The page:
In the blue corner, we have state schools! Which means, it’s time to put state education under the spotlight. One of the most obvious pros of state education is simply the fact that it is free. But as previously mentioned, amidst the UK’s current economic situation, this is quite a significant benefit. Also, whilst societal perception suggests that private schools provide a ‘better’ education – which, to be fair, many of them do – there are still many state schools which are ranked ‘Outstanding’ by Ofsted. If money is a bit tight at the moment, but you want the very best for your child (don't we all?!), excellence is certainly not exclusive to private education. What’s more, if location serves, you have the option of grammar schools, which are renowned for their high calibre. Some even specialise in certain subjects, from Science to the Arts. And don't fret - if your child needs support for the dreaded 11+ exam, please don’t hesitate to get in touch with Titanium Tutors! So, our point is that, whilst private schools do promise a high-quality education, there are also far more economical (and still excellent) options available. As mentioned earlier, another of the key pros of a state education is the opportunity for students to broaden their social circle and world view. Whilst many private school alumni give high praise to the camaraderie of their school community and the life-long friends they made, there is no denying that state schools are more inclusive to students from all backgrounds. Some argue that state school students are more likely to be well-rounded individuals, having absorbed a wide range of life perspectives. However, the opportunities for private school students are boundless. From a wealth of extracurricular activities to long-term career opportunities, many parents argue that their child’s private education was money well spent. What’s more, the boarding school experience receives mixed reviews, yet some claim that it leads to an increased independence, and helps prepare children for university. All in all, both private and state schools have their perks and downfalls, and it is pointless debating which is ‘best’, but more so which is better suited to each individual child. Also – we’d encourage parents to actively go and see different schools, reserving judgement on whether they are ‘state’ or ‘private’. Often, parents have an instinct when it comes to a particular school: some schools just feel right. You need to think about what your priorities are for your child’s education: are you looking for a school renowned for its top-quality academics? Or zero-tolerance for bad behaviour? Or, are you looking for a school that instils a feeling of community – and will teach your child important life lessons? Or are extra-curricular opportunities your main priority? There is no wrong answer. However, we hope that, whether state or private, you find the ideal school for you!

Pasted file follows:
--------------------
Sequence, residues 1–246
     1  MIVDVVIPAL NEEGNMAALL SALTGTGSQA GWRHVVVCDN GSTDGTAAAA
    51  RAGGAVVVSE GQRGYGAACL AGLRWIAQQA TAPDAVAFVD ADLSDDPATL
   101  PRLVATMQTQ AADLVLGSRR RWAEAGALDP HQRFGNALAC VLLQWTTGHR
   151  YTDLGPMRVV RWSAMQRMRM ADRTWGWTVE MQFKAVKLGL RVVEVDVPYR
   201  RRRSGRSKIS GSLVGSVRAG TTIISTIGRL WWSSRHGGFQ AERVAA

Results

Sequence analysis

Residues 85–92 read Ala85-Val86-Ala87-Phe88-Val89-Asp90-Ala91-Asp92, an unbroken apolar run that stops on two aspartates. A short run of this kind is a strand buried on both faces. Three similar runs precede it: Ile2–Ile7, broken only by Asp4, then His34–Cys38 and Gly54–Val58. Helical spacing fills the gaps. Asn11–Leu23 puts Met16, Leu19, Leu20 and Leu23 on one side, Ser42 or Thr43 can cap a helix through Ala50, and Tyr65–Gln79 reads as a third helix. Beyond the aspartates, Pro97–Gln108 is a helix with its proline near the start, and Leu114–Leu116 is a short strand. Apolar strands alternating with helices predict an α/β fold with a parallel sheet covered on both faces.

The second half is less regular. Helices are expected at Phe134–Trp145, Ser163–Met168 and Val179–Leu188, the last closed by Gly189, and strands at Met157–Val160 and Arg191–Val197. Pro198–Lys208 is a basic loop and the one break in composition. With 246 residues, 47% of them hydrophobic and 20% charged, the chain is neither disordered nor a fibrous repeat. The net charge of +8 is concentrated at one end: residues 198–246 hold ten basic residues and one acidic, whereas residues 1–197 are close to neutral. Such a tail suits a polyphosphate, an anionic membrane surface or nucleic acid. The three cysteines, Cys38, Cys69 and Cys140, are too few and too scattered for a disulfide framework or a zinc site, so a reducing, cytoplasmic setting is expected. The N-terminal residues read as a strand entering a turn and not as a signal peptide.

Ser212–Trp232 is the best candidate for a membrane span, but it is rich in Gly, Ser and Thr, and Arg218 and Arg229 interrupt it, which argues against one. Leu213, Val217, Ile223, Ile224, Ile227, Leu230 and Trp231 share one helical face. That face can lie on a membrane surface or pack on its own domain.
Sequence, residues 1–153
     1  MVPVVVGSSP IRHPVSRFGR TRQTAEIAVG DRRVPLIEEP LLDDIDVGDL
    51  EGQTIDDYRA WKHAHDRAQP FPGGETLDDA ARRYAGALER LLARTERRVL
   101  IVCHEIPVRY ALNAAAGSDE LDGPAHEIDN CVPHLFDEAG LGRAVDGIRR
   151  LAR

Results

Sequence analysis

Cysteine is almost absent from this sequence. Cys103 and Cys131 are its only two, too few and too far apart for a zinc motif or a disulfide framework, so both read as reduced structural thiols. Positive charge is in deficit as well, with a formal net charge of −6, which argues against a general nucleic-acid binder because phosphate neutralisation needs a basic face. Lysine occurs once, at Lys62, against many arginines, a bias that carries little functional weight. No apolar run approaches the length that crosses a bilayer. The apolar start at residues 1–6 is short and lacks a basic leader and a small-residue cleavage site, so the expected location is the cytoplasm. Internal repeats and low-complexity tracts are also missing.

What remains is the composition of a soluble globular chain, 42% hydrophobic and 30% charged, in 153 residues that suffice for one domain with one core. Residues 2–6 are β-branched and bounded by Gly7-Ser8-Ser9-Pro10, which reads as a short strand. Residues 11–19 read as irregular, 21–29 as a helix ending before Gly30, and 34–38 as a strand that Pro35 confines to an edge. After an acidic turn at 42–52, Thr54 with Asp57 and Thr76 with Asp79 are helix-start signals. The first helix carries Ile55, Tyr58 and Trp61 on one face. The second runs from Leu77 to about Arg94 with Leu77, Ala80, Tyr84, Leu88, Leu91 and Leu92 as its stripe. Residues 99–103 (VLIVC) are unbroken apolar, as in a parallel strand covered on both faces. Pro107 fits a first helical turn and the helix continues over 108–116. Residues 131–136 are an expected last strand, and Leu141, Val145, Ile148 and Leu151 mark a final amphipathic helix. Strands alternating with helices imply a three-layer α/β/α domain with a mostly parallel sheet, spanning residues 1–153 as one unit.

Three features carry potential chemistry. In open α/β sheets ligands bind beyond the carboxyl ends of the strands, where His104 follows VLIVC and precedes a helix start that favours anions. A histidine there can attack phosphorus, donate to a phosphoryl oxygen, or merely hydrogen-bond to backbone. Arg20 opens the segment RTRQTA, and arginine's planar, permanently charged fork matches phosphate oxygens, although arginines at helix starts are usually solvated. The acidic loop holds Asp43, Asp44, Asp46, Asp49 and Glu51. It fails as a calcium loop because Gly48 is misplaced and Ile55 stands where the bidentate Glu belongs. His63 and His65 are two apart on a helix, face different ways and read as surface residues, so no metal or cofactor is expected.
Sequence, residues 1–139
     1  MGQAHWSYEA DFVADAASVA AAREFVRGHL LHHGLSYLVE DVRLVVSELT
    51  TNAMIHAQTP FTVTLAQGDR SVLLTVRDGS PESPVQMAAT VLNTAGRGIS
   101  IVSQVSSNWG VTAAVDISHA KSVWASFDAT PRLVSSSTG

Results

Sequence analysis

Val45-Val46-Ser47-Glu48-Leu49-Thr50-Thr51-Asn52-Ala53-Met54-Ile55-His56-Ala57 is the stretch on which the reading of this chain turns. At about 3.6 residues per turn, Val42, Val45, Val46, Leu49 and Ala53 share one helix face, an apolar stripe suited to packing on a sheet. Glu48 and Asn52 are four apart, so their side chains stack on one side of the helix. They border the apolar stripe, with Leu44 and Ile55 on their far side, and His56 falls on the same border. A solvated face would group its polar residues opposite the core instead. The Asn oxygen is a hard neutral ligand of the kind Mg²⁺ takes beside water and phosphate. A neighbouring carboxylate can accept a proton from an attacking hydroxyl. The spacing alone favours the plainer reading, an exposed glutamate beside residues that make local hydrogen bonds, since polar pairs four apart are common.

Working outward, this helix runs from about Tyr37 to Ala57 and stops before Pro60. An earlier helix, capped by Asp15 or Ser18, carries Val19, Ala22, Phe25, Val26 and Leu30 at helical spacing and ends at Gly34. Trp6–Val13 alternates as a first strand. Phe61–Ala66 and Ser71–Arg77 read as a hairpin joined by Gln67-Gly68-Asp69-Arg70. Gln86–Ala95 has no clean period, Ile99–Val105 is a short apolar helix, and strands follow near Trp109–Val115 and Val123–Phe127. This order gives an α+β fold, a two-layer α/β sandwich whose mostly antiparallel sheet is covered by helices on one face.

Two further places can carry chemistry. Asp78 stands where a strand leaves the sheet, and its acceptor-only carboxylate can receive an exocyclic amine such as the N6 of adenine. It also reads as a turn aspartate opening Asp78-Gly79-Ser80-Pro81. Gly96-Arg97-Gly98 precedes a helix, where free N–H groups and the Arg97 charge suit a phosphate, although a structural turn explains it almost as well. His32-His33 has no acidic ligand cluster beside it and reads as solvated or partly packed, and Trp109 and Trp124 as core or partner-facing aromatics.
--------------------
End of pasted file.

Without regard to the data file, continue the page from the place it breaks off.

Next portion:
Blog Post Crafted by Lizzie
Lizzie is one of our experienced English tutors. She is also an actress, singer and composer. After graduating from the University of Birmingham with a BA (Hons) degree in English Literature and Drama, she went on to teach secondary school English for a year, and has been tutoring alongside her other passions ever since!
Lizzie is SO obsessed with the romantic literary classics that she composed a musical theatre adaptation of ‘Wuthering Heights’!